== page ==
After Bribery Conviction, Pennsylvania Democratic Lawmaker Resigns 'Under Protest'
By Angela Couloumbis
Democratic state Rep. Vanessa Lowery Brown resigned from office Tuesday, saying she was leaving public service “under protest” as she appeals her conviction on bribery and other public corruption charges.
In her resignation letter, the Philadelphia Democrat highlighted the words of the judge who last month sentenced her to 23-months of probation, noting that he had expressed serious concerns about the undercover sting investigation that led to her political downfall.
Nonetheless, Brown wrote, she recognized that the state Constitution prohibits anyone convicted of bribery, perjury and other “infamous crime” from serving in the legislature.
“The Court’s finding that the investigation and prosecution carried overtones of racism and political animus is only the first step in the ultimate vindication of my God-given and constitutional right to be treated fairly under the law," Brown, 52, wrote in the letter submitted to House Speaker Mike Turzai (R., Allegheny).
She added: “Emboldened by the civil rights giants that have gone before me and with the love and support of my family and friends, I live to fight another day against injustice and racism."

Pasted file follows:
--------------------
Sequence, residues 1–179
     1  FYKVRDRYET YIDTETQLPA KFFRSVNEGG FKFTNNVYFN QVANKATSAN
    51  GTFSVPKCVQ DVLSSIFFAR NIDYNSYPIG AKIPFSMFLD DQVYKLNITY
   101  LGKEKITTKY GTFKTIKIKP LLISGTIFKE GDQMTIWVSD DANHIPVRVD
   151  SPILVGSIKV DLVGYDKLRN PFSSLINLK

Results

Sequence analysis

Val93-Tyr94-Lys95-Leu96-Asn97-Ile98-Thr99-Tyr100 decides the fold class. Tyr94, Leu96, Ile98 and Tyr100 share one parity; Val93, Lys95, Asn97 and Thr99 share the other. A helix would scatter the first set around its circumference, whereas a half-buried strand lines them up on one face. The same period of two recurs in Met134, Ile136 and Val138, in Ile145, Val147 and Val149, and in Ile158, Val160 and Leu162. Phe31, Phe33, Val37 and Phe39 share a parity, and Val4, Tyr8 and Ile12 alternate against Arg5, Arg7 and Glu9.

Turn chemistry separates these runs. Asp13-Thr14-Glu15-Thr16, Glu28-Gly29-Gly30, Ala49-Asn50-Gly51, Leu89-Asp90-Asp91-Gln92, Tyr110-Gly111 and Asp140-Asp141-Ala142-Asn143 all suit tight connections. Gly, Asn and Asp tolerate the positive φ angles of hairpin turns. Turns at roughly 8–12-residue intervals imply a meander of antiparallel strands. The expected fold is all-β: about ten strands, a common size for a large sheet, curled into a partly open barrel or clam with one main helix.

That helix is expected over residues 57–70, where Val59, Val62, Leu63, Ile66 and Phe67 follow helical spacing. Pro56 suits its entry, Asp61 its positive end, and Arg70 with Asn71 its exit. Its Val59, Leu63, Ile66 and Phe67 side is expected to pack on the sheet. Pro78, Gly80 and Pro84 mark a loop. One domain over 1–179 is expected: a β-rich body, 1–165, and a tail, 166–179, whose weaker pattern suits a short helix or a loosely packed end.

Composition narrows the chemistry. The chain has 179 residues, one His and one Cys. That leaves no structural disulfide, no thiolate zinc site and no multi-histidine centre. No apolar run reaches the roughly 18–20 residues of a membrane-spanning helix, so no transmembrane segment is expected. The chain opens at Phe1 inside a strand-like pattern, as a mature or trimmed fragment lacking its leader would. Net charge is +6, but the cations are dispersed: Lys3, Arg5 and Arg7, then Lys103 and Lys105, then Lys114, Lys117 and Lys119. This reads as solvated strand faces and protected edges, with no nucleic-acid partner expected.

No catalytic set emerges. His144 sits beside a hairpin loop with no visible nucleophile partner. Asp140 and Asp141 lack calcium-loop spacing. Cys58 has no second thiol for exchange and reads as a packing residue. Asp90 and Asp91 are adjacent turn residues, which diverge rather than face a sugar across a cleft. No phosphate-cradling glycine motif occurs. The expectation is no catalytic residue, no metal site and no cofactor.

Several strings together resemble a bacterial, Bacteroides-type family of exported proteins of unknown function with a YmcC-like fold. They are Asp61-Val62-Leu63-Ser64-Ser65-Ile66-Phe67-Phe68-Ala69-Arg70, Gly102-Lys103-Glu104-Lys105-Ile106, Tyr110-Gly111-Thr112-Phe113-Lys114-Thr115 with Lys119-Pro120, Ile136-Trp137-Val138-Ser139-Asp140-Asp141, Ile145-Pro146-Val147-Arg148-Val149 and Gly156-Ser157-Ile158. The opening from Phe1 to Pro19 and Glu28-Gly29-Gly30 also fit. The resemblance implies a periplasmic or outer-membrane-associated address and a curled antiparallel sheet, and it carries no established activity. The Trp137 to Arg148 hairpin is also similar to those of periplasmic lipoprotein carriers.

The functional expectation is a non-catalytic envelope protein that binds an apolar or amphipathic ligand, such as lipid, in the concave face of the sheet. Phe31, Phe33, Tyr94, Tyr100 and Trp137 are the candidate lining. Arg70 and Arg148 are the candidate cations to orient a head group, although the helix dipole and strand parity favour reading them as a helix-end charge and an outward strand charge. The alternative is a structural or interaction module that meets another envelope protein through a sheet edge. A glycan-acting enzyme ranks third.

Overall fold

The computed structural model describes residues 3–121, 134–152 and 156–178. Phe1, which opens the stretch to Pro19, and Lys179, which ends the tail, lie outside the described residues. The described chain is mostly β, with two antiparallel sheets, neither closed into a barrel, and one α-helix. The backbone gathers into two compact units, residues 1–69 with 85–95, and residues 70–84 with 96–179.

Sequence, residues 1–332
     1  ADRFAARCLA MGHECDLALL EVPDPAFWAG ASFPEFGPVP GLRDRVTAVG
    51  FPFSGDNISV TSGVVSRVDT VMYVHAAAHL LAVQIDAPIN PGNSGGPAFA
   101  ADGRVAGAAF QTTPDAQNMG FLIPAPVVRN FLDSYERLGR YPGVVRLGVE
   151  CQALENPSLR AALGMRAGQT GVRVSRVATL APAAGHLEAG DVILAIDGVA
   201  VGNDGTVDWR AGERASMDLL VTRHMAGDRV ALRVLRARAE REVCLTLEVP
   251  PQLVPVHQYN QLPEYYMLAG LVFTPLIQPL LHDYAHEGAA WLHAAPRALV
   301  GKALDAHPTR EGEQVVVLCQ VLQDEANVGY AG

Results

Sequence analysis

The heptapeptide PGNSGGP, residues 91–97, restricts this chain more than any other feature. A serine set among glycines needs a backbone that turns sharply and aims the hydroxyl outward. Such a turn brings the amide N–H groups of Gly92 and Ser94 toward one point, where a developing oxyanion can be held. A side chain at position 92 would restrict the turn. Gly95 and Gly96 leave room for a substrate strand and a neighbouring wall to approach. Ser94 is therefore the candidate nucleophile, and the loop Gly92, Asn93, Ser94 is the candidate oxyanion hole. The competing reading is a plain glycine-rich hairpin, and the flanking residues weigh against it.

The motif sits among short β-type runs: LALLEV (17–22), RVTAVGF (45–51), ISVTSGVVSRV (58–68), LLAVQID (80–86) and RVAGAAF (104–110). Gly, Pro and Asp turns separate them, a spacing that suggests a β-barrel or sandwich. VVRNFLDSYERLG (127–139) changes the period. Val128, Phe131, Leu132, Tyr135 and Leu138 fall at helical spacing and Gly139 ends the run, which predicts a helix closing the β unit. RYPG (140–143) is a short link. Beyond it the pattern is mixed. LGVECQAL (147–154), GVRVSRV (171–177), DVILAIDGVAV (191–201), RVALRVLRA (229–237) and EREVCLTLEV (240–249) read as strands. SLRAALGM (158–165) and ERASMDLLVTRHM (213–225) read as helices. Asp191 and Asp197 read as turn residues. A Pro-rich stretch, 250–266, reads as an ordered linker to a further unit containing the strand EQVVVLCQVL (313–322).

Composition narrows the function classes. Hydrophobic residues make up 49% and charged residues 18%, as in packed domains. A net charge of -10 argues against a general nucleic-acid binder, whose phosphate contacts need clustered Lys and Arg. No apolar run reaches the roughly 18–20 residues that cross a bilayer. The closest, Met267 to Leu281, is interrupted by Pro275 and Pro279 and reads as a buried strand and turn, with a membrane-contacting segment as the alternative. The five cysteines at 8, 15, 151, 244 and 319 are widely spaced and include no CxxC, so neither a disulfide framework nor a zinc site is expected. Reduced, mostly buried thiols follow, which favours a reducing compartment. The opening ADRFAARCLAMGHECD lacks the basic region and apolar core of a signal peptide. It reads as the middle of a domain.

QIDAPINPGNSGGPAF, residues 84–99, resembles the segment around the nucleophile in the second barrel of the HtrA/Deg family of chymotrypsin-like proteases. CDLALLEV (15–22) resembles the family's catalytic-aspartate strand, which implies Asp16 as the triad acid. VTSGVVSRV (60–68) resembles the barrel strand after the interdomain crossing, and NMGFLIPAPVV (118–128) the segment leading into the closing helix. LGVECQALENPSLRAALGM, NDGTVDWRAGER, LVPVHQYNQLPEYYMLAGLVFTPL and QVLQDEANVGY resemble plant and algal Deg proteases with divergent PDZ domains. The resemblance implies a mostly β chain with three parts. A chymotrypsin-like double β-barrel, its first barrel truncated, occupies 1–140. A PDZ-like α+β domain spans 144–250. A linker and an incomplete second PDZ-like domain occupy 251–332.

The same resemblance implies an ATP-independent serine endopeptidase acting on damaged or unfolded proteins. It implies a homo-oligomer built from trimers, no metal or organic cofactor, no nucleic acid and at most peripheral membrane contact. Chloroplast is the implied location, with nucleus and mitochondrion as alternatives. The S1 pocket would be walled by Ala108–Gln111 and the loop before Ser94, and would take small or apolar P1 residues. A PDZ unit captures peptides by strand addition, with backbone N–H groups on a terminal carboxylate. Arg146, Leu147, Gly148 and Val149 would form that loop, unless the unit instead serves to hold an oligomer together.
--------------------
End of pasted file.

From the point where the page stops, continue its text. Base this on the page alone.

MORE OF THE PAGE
Brown, who was reelected last month to another two-year term, had faced mounting pressure to leave public office. Typically, public officials who are convicted of corruption crimes step down on the day they are sentenced.
Brown, who was sentenced on Nov. 30, had not publicly explained her decision to remain in office. She had signaled that she would not seek to be seated in the House when lawmakers return to the Capitol on Jan. 1 to be sworn into office - this after her Republican and Democratic colleagues indicated that they would vote to prevent her from taking the oath of office.
Brown’s resignation Tuesday followed a legal maneuver by prosecutors to force her out.
Late last week, Dauphin County District Attorney Fran Chardo, whose office prosecuted Brown, asked the trial judge in her case to amend her probation sentence to require her to resign within 24 hours, and force her to repay any salary or expense reimbursement she received after being sentenced.
Brown had not been paid for the month of December, according to House officials.
On Monday, Brown’s lawyers asked her trial judge, Dauphin County Scott Evans, to throw out her conviction, citing the judge’s own words at her sentencing that the investigation that snared her and other Philadelphia Democrats was “troubling” and laden with “racial overtones.”